Aston graduate tipped as Future Face of finance

Sarah Bennett, Aston alumni who has been nominated for a Future Faces award

12 August 2016

  • Vice President at Deutsche Bank Sarah Bennett, 32, shortlisted in this month’s Birmingham Chamber of Commerce Future Faces awards in the professional services category.
  • Aston alumna has her eye on a future at senior executive level, after report finds the majority of women fall out before reaching top jobs.
  • Second award nomination for the finance head, who was crowned Birmingham Young Professional of the Year 2015 in the finance category.

The top floor boardrooms of finance headquarters are still a world dominated by men. But one high-flying Aston graduate could be about to break that stereotype, after being shortlisted for yet another award.

Sarah Bennett, 32, has progressed from her first job as an analyst for Morgan Stanley secured during her placement year at Aston University to vice president at Deutsche Bank within 10 years.

The high-flyer is gaining fame as one to watch, after being crowned Birmingham Young Professional of the Year 2015 in the finance category and now being shortlisted in the professional services category in this month’s Future Faces awards – hosted by the Birmingham Chamber of Commerce.

Sarah, who studied International Business and German, said: “I was really pleased and surprised. It’s always nice when someone recognises the work that you have done. It’s a great opportunity to meet other young professionals across the West Midlands.

“It’s great to dispel some of the stereotypes that banking is just for men. I’ve had many people ask me if I am the only woman in the office. I thought these sort of stereotypes would have been broken down by now.

“People also think you have to study economics or maths to get a career in banking. But we have people who have come from all sorts of academic backgrounds.

“It doesn’t matter what gender you are or what degree you studied, everyone has transferrable skills and qualities that we can use.”

A government review carried out earlier this year by Jayne-Anne Gahia, chief executive of Virgin Money, found that while more women than men start their careers in financial services, the majority fall out – especially at middle management level.

It also found that in 2015 women only made up 14% of executive committees in the financial services sector.

But given the current trajectory of Sarah’s career, a future at the top is a serious consideration for her.

“I don’t have any structured plan to reach senior executive level, but based on the number of years I expect to work for I don’t want to limit my future potential just yet, so haven’t ruled it out!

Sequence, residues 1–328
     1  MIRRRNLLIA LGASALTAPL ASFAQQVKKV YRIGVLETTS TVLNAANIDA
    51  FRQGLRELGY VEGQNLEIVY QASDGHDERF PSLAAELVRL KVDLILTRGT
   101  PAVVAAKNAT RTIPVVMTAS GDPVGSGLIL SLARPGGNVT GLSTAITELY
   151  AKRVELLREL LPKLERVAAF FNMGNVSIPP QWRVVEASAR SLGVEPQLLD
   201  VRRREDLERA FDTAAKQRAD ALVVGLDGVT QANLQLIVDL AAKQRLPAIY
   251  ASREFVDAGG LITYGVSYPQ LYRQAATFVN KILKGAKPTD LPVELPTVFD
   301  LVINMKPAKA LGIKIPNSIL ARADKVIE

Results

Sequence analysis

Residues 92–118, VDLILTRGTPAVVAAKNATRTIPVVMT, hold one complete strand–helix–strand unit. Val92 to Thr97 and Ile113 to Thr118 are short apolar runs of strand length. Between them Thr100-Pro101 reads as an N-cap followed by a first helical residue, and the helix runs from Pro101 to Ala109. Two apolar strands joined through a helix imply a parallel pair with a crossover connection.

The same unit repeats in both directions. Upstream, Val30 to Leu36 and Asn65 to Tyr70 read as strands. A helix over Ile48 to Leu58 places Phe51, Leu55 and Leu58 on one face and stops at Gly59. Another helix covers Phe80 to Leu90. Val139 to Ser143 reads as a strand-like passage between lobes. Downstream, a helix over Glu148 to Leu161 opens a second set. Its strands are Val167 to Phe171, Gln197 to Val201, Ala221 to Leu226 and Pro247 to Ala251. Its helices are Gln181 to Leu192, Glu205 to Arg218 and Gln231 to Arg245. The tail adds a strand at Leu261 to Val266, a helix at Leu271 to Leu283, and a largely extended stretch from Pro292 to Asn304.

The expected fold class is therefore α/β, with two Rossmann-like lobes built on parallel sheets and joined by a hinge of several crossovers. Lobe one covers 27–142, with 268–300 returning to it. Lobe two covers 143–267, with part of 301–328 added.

“It is great to read some positive examples of Deutsche Bank in the review and I’ve experienced practical examples of what the firm is doing to assist female talent in having the same opportunities for progression.

“I think that companies are starting to be more aware of what their employees want, for example in offering flexible working to help staff with work life balance and having diversity committees.”

As part of her degree programme, Sarah was given the opportunity to work for a year in Frankfurt as an analyst in securities lending for multinational financial services giant Morgan Stanley.

After being promoted to an associate, she began searching for a career back in the UK and secured a position at Deutsche Bank back in the city she enjoyed as a student.

Following seven years of moving between various positions at Deutsche Bank’s Birmingham office, Sarah was promoted to vice president and head of asset management and equity operations in January.

Living so close to Aston has also meant that Sarah has been able to provide advice and inspiration for students seeking similar careers, and has been signed up to the university’s professional mentoring scheme for three years.

She said: “It’s nice to now be able to give back and help the students. When I was at university I never thought I would be one of the people standing in at the front of a lecture theatre telling students how to succeed.

“If it wasn’t for my placement year at Aston I would never have had the same opportunities. It kickstarted my career.”

Asked for one piece of advice she would give to those chasing similar success, she said: “Make sure you take every opportunity that is presented to you. I think that is what I have done and why I have got to where I am today, and there are so many opportunities to grasp at Aston.”

The Future Faces awards will take place at Edgbaston Stadium on Tuesday, 16th September.



Notes to the editor

  • A 2012 study found that while the UK banking workforce was around a 50:50 split between male and female, only 34% of women were managers – similar to the national average – and just 11% of corporate managers and senior executives were women.
  • Founded in 1895 and a University since 1966, Aston is a long established research-led university known for its world-class teaching quality and strong links to industry, government and commerce.
  • Julia King, The Baroness of Cambridge is our Vice-Chancellor - the principle academic and Executive Officer of the University. She sets the strategic direction for the university and is supported by an  Executive Team.

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